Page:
Before the Civil War, he served his country well. Davis was born in Kentucky to a moderately prosperous farmer and grew up on his brother's large cotton plantations in Mississippi and Louisiana. After he graduated from the U.S. Military Academy at West Point, he served 6 years as a lieutenant in the Army and fought in the Mexican–American War as the colonel of a volunteer regiment. He served as the Secretary of War under Democratic President Franklin Pierce (the knowledge he gained from that position undoubtedly helped the Confederacy as the states began seceding from the Union). He also served as a Democratic U.S. senator from Mississippi. An operator of a large cotton plantation in Mississippi with more 100 slaves, he was well known for his support of slavery in the Senate. He argued against secession, but did agree that each state was sovereign and had an unquestionable right to secede from the Union. When Mississippi seceded, he withdrew his loyalty to the United States of America. He expected to be tapped to serve the Confederacy somehow, perhaps as a general. Instead, he was offered the presidency, much to his own surprise.

Where the North lacked in generalship, Lincoln made up for in leadership. Although the South arguably had the better generals, Davis proved to be a weak leader, and many historians attribute the Confederacy's weaknesses to his poor leadership. His preoccupation with detail, reluctance to delegate responsibility, lack of popular appeal, feuds with powerful state governors, favoritism toward old friends, inability to get along with people who disagreed with him, neglect of civil matters in favor of military ones, and resistance to public opinion all worked against him, and ultimately, was the undoing of the Confederacy. It's a rare leader that can rise above all those challenges. He was largely vilified during the years of the Civil War, which was ironic considering the veneration he's offered even now (see the recent post on Hollywood Cemetery).

After Davis was captured in 1865, he was accused of but not tried for treason and was released after 2 years. Davis wrote a memoir entitled The Rise and Fall of the Confederate Government, which he completed in 1881 and which helped restore his reputation. By the late 1880s, he began to encourage reconciliation, telling Southerners to be loyal to the Union. Yes, Jefferson Davis is an interesting figure.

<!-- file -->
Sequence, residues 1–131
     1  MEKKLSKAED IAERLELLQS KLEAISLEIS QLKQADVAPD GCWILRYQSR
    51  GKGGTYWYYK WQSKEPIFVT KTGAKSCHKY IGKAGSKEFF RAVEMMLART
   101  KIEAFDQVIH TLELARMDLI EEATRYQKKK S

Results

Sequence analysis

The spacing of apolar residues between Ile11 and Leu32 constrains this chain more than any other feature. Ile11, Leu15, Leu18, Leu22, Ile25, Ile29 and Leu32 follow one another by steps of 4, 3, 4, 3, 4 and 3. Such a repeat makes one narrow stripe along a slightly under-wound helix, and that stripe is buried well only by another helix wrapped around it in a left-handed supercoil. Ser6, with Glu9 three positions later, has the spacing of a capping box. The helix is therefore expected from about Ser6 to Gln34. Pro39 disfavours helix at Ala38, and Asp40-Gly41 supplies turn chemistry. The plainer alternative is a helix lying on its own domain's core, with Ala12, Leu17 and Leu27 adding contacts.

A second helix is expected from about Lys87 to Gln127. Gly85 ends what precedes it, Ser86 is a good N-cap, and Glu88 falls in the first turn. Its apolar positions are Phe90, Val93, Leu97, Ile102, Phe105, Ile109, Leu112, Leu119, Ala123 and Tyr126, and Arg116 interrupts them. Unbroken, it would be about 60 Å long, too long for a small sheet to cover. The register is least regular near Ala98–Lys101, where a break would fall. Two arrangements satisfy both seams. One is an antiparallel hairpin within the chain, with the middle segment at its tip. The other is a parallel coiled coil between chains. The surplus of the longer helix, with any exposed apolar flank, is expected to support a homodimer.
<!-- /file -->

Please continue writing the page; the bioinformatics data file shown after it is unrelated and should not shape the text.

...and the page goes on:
From there, we headed over to the American Civil War Museum and the Tredegar Ironworks. The Tredegar site contains five surviving buildings illustrating the Iron Works era and focuses on the impact of the Civil War on Richmond. It's an interesting, although sparse, 30 minutes. I'm not sure how, but this is one museum that I wanted more from. The National Park Service operates the Richmond National Battlefield Park Visitor Center located in the restored Pattern Building.

The American Civil War Museum claims to be the first museum dedicated to interpreting the Civil War from Union, Confederate, and African American perspectives. As you walk around the exhibits, you first explore the causes of the conflict, asking and trying out answers to questions like how did we get to that point? Was war inevitable? What were the soldiers on the field of battle really fighting about? One exhibit explored perspectives state by state. Then the exhibits move to exploring different perspectives during the war itself. Finally, the conflict's legacy is explored, including the Reconstruction Era and the lives of former Confederates.

This was a museum that invites thought. Most of the exhibits were presentations of different thoughts and views, rather than a collection of artifacts.

Getting there: Museum of the Confederacy and Confederate White House are located at 1201 E Clay St, Richmond, VA 23219; American Civil War Museum and Tredegar Ironworks are located at 500 Tredegar St, Richmond, VA 23219.

Hours: Museum of the Confederacy: daily, 10 a.m. - 5 p.m.; American Civil War Museum: Monday - Sunday, 9 a.m. - 5 p.m.
Websites: Museum of the Confederacy and Confederate White House www.moc.org; the American Civil War Museum http://www.tredegar.org/.

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Have you daytripped somewhere interesting? I'd love to hear what you're doing! Email daytripgal@gmail.com if you're interested in being a guest-blogger! 


Behind the Tredegar Ironworks is this touching statue of Lincoln and
his young son who accompanied him to Richmond just after its fall.

Thursday, August 21, 2014

Back to Blackwater Falls

Canaan Valley draws us frequently. We've been going up there as a family for almost a decade. It is, frankly, one of my favorite places, and I usually find a weekend or two every year to go back and visit, maybe go on a hike or two, or three. I almost always take time to go up to Bear Rocks in Dolly Sods.

But this time we headed up to Canaan Valley as a long -- very long -- day trip. My son needed driving experience and the combination of highway and country road complimented his needed experience to a T. The plan for the day was to drive up, see Blackwater Falls -- we always enjoy the roar and the drama of the falls as it tumbles into the gorge. Dolly Sods would have to wait for another trip.

With recent rains swelling the Blackwater River, we were not disappointed!

Blackwater Falls State Park, obviously, is named for the falls of the Blackwater River, whose amber-colored waters plunge five stories before twisting and tumbling through an eight-mile long gorge.